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Unintentional weight loss (UWL) is frequently insidious and can have important implications, often serving as a harbinger of serious underlying disease. Clinically important weight loss is defined as the loss of 10 pounds (4.5 kg) or >5% of one’s body weight over a period of 6–12 months. UWL is encountered in up to 8% of all adult outpatients and 27% of frail persons aged ≥65 years. There is no identifiable cause in up to one-quarter of patients despite extensive investigation. Conversely, up to half of people who claim to have lost weight have no documented evidence of weight loss. People with no known cause of weight loss generally have a better prognosis than do those with known causes, particularly when the source is neoplastic. Weight loss in older persons is associated with a variety of deleterious effects, including falls and fractures, pressure ulcers, impaired immune function, and decreased functional status. Not surprisingly, significant weight loss is associated with increased mortality, which can range from 9% to as high as 38% within 1–2.5 years in the absence of clinical awareness and attention.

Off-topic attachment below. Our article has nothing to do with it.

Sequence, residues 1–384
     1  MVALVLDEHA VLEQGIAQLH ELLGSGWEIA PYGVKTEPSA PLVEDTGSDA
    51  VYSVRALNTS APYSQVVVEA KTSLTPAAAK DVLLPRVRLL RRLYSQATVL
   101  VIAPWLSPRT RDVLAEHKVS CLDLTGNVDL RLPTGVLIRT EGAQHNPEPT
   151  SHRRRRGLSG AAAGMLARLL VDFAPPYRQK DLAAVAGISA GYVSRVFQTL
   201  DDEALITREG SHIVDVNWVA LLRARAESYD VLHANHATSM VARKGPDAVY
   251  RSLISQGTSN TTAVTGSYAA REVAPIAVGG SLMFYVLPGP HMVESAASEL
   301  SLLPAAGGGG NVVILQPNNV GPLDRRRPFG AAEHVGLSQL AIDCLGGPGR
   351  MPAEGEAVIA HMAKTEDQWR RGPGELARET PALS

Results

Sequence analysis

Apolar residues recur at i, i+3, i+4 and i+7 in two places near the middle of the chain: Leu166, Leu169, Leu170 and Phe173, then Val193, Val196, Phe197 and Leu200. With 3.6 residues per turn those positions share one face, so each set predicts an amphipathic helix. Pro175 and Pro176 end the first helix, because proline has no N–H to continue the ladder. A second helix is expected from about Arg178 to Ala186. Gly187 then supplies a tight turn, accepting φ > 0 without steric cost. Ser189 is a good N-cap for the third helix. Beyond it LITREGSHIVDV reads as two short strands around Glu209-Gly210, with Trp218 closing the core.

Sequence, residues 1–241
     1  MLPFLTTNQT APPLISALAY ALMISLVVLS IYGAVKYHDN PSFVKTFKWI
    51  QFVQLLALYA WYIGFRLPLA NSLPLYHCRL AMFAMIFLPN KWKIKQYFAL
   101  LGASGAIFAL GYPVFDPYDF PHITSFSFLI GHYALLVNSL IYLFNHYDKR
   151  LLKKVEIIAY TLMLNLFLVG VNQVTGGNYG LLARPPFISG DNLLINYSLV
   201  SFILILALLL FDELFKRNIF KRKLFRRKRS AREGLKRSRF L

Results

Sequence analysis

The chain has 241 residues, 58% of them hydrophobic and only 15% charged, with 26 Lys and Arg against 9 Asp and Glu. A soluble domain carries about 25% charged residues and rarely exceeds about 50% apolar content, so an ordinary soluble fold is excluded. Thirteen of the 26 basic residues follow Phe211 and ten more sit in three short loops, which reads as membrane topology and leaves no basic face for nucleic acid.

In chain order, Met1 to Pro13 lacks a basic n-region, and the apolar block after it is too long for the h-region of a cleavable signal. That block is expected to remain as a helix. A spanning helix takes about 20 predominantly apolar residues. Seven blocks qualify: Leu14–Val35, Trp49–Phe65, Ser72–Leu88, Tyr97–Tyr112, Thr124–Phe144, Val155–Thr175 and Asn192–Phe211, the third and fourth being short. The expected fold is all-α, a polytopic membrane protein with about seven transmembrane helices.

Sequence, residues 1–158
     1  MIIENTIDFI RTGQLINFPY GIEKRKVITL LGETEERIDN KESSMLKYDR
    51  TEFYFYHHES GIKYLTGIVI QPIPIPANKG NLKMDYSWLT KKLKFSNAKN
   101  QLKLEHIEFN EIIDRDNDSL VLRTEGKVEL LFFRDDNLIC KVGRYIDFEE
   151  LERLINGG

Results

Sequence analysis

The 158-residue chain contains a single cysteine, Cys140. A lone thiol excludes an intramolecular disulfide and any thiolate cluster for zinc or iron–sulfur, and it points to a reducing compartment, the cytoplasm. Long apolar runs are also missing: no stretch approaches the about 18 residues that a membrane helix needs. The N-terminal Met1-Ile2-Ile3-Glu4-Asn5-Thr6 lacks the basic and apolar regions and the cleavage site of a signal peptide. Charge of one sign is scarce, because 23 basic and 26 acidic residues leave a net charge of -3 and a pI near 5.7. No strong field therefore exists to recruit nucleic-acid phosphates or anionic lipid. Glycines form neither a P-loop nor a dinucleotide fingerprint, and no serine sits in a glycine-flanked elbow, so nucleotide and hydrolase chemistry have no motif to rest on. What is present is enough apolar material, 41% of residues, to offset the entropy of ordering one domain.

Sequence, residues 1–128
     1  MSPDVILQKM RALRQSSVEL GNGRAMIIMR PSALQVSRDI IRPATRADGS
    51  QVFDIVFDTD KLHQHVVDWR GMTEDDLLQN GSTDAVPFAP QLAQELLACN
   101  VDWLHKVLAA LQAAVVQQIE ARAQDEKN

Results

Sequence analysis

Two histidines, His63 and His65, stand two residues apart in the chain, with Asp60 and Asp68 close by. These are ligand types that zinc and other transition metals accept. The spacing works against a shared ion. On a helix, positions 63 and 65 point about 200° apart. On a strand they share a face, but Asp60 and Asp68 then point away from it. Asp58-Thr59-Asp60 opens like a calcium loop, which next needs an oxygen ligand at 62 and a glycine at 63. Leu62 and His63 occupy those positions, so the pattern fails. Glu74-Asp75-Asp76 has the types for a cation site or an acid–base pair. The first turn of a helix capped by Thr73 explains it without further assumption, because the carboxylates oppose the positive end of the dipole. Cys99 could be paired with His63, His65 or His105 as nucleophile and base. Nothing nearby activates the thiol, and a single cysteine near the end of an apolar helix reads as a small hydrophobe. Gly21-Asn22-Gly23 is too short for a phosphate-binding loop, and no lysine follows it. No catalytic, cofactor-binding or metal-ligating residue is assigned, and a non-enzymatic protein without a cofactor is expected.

(See also Chaps. 463 and 394) Among healthy aging people, total body weight peaks in the sixth decade of life and generally remains stable until the ninth decade, after which it gradually falls. In contrast, lean body mass (fat-free mass) begins to decline at a rate of 0.3 kg per year in the third decade, and the rate of decline increases further beginning at age 60 in men and age 65 in women. These changes in lean body mass largely reflect the age-dependent decline in growth hormone secretion and, consequently, circulating levels of insulin-like growth factor type I (IGF-I) that occur with normal aging. Loss of sex steroids, at menopause in women and more gradually with aging in men, also contributes to these changes in body composition. In the healthy elderly, an increase in fat tissue balances the loss in lean body mass until very old age, when loss of both fat and skeletal muscle occurs. Age-dependent changes also occur at the cellular level. Telomeres shorten, and body cell mass—the fat-free portion of cells—declines steadily with aging.

Between ages 20 and 80, mean energy intake is reduced by up to 1200 kcal/d in men and 800 kcal/d in women. Decreased hunger is a reflection of reduced physical activity and loss of lean body mass, producing lower demand for calories and food intake. Several important age-associated physiologic changes also predispose elderly persons to weight loss, such as declining chemosensory function (smell and taste), reduced efficiency of chewing, slowed gastric emptying, and alterations in the neuroendocrine axis, including changes in levels of leptin, cholecystokinin, neuropeptide Y, and other hormones and peptides. These changes are associated with early satiety and a decline in both appetite and the hedonistic appreciation of food. Collectively, they contribute to the “anorexia ...

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